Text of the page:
Information & Facts
The most popular recreational features of La Paz are its lovely
beaches, all covered with soft sand, which slope gently into clear
blue waters. Most offer watersports rental facilities, and 'palapa'
(woven palm frond umbrellas), which can be hired. Coromuel Beach is
closest to the city centre while further along the Trans-Peninsula
Highway are Tesoro Beach, Pichilinge, Balandra and El Tecolote. La
Paz also has a reputation for offering more extreme water
adventures, such as big game fishing, kayaking, windsurfing,
kitesurfing and scuba diving, particularly in the waters around the
island of Espiritu Santo. Whale-watching excursions and eco-tours
to the mountains to the south of the city are also popular holiday
Spanish is the official language in Mexico. Some English
is spoken in tourist regions.
Mexican currency is the New Peso (MXN) divided into 100
centavos. Credit cards are widely accepted, particularly Visa,
MasterCard and American Express. Travellers cheques are generally
accepted, but cannot be cashed on Sundays. ATMs are available in
most cities and towns and are the most convenient way to get money,
but for safety reasons they should only be used during business
hours. Although most businesses will accept foreign currency it is
best to use pesos. Foreign currency can be exchanged at one of many
casas de cambio(exchange houses), which have longer hours
and offer a quicker service than the banks.
La Paz can be quite expensive during peak season.
La Paz has no shortage of lively nightspots, most being located
along the Malecon. This brightly lit promenade and adjacent pier is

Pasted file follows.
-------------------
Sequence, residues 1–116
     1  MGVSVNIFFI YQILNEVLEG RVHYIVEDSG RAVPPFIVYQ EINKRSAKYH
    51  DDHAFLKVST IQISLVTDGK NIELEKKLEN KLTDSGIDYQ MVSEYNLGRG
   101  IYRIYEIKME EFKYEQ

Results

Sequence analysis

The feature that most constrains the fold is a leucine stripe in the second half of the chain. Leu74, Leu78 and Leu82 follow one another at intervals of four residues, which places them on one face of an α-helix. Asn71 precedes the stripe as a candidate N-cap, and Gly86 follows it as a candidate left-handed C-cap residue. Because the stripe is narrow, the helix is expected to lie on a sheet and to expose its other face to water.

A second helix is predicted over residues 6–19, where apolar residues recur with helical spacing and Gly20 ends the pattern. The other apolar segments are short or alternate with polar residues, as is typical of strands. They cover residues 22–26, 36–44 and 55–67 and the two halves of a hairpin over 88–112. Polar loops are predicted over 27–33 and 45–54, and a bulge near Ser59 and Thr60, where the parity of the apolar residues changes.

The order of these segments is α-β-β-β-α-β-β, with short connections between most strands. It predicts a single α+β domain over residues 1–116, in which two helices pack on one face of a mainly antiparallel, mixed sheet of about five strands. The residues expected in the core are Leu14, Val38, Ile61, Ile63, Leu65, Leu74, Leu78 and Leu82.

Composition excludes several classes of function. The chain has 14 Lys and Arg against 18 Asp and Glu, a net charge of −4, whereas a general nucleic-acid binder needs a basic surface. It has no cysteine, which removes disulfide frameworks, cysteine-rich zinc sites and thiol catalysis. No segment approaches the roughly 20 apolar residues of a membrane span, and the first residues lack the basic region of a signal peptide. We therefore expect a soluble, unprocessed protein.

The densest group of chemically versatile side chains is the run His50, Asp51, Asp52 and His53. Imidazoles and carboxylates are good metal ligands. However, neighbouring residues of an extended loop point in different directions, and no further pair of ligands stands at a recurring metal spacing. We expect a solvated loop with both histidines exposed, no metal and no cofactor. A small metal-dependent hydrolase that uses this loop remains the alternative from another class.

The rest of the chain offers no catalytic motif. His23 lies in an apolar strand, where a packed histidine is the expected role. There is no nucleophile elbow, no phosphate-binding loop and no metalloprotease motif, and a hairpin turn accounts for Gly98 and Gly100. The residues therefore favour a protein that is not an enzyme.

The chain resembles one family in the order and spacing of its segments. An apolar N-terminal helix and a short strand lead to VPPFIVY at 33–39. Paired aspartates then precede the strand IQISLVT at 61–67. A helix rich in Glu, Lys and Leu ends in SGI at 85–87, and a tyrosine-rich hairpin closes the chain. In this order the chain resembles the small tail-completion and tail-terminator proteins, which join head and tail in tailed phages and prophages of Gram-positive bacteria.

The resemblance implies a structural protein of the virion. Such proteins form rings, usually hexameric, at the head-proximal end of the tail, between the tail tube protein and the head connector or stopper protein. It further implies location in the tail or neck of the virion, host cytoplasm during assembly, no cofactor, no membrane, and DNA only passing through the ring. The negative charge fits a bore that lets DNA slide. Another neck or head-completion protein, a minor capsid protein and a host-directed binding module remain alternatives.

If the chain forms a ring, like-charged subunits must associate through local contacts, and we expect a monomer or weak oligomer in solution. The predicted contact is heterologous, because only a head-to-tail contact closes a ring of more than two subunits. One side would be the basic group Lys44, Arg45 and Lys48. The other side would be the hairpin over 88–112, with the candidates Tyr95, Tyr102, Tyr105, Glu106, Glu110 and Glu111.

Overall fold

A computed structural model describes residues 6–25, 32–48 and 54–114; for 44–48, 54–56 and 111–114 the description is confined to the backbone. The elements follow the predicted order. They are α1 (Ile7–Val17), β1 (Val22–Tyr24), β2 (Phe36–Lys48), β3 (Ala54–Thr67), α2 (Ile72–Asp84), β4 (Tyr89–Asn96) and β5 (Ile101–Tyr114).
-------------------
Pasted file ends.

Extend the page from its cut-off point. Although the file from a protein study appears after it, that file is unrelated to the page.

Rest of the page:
abuzz with strollers and party-animals after dark, entertained by
groups of street musicians known as 'mariachis'. Shops stay open
late to cater for evening browsers. Like in most Mexican cities,
the party action does not start hotting up until late in the
evening, from around 10pm, but continues until the early hours of
the morning. Discos offer all kinds of music, from traditional
Latin to American rock, and many of the bars and restaurants offer
dancing to live music. La Caliente and Las Varitas are great night
spots and live music venues. Culture vultures will probably find a
play or concert to their taste at the Teatro de Ciuidad or Teatro
Juarez, and there are several movie theatres showing American films
with Spanish subtitles.
There are delicious treats to suit all tastes available in the
many restaurants of La Paz, from the highly rated street corner
hotdog and chocolate clam stands to mouth-watering lobsters from
the Sea of Cortez served up in classy seafront restaurants. The
cuisine of most nationalities is available, including Chinese,
Italian, French and Korean, but traditional Mexican remains the
holiday favourite. For seafood with a local flair, visit Bismark
II, while Buffalo BBQ is the local favourite for hamburgers and
other carnivorous fare.
From small, exclusive boutiques lining the Malecon to the
department stores of busy downtown La Paz, known as 'El Centro',
the city offers plenty of options for lightening the pocket, with
high fashion and upmarket branded goods aplenty. There are also
numerous stores selling locally produced Mexican arts and crafts to
delight souvenir hunters on holiday, and supermarkets on just about
every street corner for self-caterers.